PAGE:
Street Talk: Too many government cooks spoil the broth
A couple of government-related issues have Michigan restaurateurs worked up. One is the impending IRS rule ending the “automatic” 18 percent tips added to group tabs (see page 3). The other issue involves Michigan’s unique state law prohibiting bars and restaurants from serving booze in a glass that has the booze company’s logo on it.
For years, Michigan’s bar/restaurant people have been seeking the right to serve Bud in a Bud glass, Jack Daniel’s in a Jack Daniel’s glass, etc. As a practical matter, sometimes the retail establishments can get those glasses free from the booze companies and wholesalers.
In early November, the Michigan Senate approved legislation that would allow the retailers to use logo glasses — but only if they buy them from a glassware retailer, and they have to get the Michigan Liquor Control Commission to approve the purchase order.
“Apparently, free market principles and the elimination of frivolous government intrusion are no longer priorities of Senate Republicans,” said Brian DeBano, president and CEO of the Michigan Restaurant Association, which represents almost 4,500 foodservice establishments.
His next comment is dripping with sarcasm.
“I will be sure to consult with the caucus the next time my members want to change ketchup brands to make sure they approve.”
DeBano is no amateur in the political arena. According to the restaurant association website, before he was hired in 2011 he was, for eight years, chief of staff and COO for the Michigan Department of State under former Secretary of State Terri Lynn Land.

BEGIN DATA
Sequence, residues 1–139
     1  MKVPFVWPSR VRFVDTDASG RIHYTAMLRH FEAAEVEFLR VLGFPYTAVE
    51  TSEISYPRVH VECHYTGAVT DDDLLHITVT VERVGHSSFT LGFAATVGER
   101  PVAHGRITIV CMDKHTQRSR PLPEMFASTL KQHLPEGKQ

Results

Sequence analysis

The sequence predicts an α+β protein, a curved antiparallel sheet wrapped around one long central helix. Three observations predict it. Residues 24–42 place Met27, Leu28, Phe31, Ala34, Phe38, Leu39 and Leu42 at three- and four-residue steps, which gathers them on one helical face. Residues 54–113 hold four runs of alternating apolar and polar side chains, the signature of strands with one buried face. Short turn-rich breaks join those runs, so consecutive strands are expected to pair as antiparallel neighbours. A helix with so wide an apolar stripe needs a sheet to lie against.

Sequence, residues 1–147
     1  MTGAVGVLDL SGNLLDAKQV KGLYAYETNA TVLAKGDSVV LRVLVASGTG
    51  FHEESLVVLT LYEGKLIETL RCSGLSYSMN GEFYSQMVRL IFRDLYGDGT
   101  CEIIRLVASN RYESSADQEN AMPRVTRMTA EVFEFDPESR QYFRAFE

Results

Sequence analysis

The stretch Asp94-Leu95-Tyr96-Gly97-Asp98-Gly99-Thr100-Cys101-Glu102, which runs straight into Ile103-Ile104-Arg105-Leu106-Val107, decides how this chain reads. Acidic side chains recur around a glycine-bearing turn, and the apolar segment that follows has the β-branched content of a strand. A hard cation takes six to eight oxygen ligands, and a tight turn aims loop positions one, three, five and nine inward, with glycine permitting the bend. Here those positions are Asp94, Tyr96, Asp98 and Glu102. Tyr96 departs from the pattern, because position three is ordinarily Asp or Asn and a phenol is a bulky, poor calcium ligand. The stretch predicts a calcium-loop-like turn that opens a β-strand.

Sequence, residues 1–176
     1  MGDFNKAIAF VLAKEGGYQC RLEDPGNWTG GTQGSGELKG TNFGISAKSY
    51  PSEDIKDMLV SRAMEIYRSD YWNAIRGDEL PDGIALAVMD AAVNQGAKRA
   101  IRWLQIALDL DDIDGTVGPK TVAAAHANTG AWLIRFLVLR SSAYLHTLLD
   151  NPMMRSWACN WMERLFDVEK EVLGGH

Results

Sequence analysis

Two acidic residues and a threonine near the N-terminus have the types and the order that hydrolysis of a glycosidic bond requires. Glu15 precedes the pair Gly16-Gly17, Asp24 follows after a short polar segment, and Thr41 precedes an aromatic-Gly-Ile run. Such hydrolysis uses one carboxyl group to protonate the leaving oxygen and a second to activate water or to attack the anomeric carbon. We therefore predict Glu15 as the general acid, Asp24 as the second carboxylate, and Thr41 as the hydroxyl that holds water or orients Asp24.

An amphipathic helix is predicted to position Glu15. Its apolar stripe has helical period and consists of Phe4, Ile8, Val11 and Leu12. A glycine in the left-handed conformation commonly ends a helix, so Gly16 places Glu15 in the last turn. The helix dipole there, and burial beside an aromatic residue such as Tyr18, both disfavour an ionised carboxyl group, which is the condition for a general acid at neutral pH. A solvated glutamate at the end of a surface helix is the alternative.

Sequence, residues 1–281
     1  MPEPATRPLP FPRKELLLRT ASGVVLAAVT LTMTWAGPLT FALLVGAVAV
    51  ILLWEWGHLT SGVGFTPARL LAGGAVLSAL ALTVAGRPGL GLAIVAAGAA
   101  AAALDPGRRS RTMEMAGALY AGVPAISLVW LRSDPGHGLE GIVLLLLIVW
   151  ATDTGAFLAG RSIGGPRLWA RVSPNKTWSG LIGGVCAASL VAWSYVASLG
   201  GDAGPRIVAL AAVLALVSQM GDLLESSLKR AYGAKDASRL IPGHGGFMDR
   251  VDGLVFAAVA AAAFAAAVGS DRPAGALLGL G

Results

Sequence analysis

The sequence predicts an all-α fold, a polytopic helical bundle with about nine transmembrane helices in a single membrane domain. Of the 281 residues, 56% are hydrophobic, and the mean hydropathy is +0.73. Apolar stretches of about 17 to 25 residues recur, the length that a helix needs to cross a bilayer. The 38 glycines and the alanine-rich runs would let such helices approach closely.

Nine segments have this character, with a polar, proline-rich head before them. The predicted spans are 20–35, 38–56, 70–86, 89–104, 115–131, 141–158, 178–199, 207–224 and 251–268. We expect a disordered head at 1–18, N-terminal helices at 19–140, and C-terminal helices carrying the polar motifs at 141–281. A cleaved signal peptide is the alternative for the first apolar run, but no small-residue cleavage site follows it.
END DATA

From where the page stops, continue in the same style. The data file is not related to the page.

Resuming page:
Before that, DeBano served five years on the staff of former Gov. John Engler, the last two as Engler’s director of state government affairs, where he worked with state agencies to implement Engler’s policy initiatives.
Jeff Lobdell is a Grand Rapids businessman whose Restaurant Partners owns 17 restaurants and food service places from Traverse City to Kalamazoo, and he is well known in the industry, both on the state and national levels.
Lobdell said some bar operators would be happy to buy logoed glassware directly from the manufacturers or wholesalers, but having to go to a glassware retailer and getting government approval adds extra hurdles.
Bar owners might buy a particular logoed glass “to show they support local beers,” he said. He said he might, for instance, buy beer steins bearing the North Peak Brewing Co. logo — his brother is one of the owners of that Traverse City brewing company.
Coors was one of the sponsors of ArtPrize, so “we might want to buy Coors Light glasses because they helped our town,” he said.
Lobdell said the booze wholesalers in Michigan are against logo glasses because it represents more potential cost trying to compete against other wholesalers.
“In some states, they’re kind of expected to provide free glassware with logos, and free beverage napkins and free server uniforms,” he said. “In Michigan, they’re not expected to do that.
“We feel like the wholesalers aren’t true partners with us to help move more product,” he said, and in this case, “they’re kind of blocking efforts for us to be able to buy those things because they fear eventually they are going to be asked to provide those.”
This got him on the topic of how government intervention in business usually leads to still more government intervention.
“One thing comes after another,” he said. “It just seems like everyone’s got their thumb in the pie and they keep making new rules that crack the door open a little bit to what’s going to happen down the road.”